My friend, Yvonne, is a generous soul. So much so that she gives the people who rent a house from her a gift at Christmas. Her renters aren't always prompt with payment either. I give my renters here some home made goodies. She gives hers a $100 gift card from WalMart. Definitely want to rent from her! I have been on the receiving end of her generosity and know that her motives are pure.
Last weekend she stopped at WalMart and purchased the gift card for her tenant. She was in a hurry and had several errands to complete and as she drove she told her husband to take the gift card and put it in the envelope with the card she had already addressed, so that she could simply drop it in the mail. This is when they discovered that the gift card was not in the bag. The clerk had laid it in the area where cash and credit card transactions take place and in her rush she didn't see it and assumed it to be in the bag with her other merchandise. She turned around and made her way back to the store and presented her receipt. Although that card was then voided, someone had already spent $49. WalMart refunded the balance and my friend purchased another $100 card. She was upset, as anyone would have been, but did not expect WalMart to do anything. After all, she could have left a $100 bill on the counter and lost all of it.
She told me all about her crummy day and said that she thought the man behind her may have taken the card. But, she didn't want to accuse him of it. She must have had some sort of an exchange with him, since she knew he was in line to get a Barbie doll that he did not want his little girl to see. The child was in another check-out line with her mother. But Yvonne just wrote the incident off as crummy luck. She was more irritated with herself than anything. She hoped that whoever used the card really needed it.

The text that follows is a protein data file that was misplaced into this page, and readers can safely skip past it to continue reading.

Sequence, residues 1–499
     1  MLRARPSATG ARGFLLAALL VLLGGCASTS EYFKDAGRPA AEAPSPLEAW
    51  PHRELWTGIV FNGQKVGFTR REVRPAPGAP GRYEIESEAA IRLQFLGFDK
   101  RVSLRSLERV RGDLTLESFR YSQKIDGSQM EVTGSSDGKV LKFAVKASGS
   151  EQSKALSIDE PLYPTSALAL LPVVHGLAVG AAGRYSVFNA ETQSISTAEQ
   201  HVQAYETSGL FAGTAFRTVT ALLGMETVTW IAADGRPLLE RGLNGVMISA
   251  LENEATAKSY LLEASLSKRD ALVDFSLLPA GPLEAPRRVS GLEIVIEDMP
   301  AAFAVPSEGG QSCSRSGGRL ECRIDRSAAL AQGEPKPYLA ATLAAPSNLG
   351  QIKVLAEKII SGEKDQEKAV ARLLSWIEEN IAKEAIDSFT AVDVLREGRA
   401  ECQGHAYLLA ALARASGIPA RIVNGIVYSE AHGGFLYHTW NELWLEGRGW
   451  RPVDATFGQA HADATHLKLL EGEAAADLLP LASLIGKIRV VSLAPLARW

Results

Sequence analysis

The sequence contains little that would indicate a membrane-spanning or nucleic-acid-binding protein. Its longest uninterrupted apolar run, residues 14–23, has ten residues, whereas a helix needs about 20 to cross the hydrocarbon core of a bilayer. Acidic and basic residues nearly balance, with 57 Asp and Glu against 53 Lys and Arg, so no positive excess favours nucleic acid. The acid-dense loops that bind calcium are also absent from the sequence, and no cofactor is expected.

So, imagine her surprise when she received a phone call the next morning from WalMart. They wanted to give her the money that was used on the card! They told her that they had viewed the security tape and that the man in line behind her had taken the card and given it to his wife in another lane. He was close enough to hear the transaction and would have known that it had $100 on it.
I am sure the manager traced the transactions made by my friend for the last few months and realized that she is a valuable customer. It was a smart business decision to make it right for her and absorb the loss. It was also the right thing to do. WalMart gets its share of bad press and I know that this decision was made on a local level and kudos go to the manager of this particular store. Perhaps not every manager would have done this.
So, I started thinking about decisions and opportunities to do the right thing. I wonder what the man was thinking as he pocketed the gift card. Do you suppose he debated what to do when he saw the card sitting there? Did he think it was his lucky day? Did he imagine what he could buy? Why didn't he call out, "Ma'am, you forgot your card." Was the Barbie doll in his hand his child's only gift to go under the tree? Had he just lost his job? Was this a windfall he felt he could not pass up? Or ............... was he just greedy? Did he give any thought to the person who just paid for the card?
What would you have done? Would you have been tempted to slip the card in your pocket? It seems that the older I get the more defined the line between right and wrong is. There are things that I have done in my life that I am not proud of. We can always justify our actions even when we know what we are doing is wrong. My mother was quick to point out that "what goes around, comes around". Some folks call it karma. All I know is that there is always payback. Not always equal or quick, but it will eventually catch up. Most of the time we aren't even aware of it. For all I know that man had a flat tire on the way home. If he did he no doubt was depending on the balance of that stolen card to help him out ..................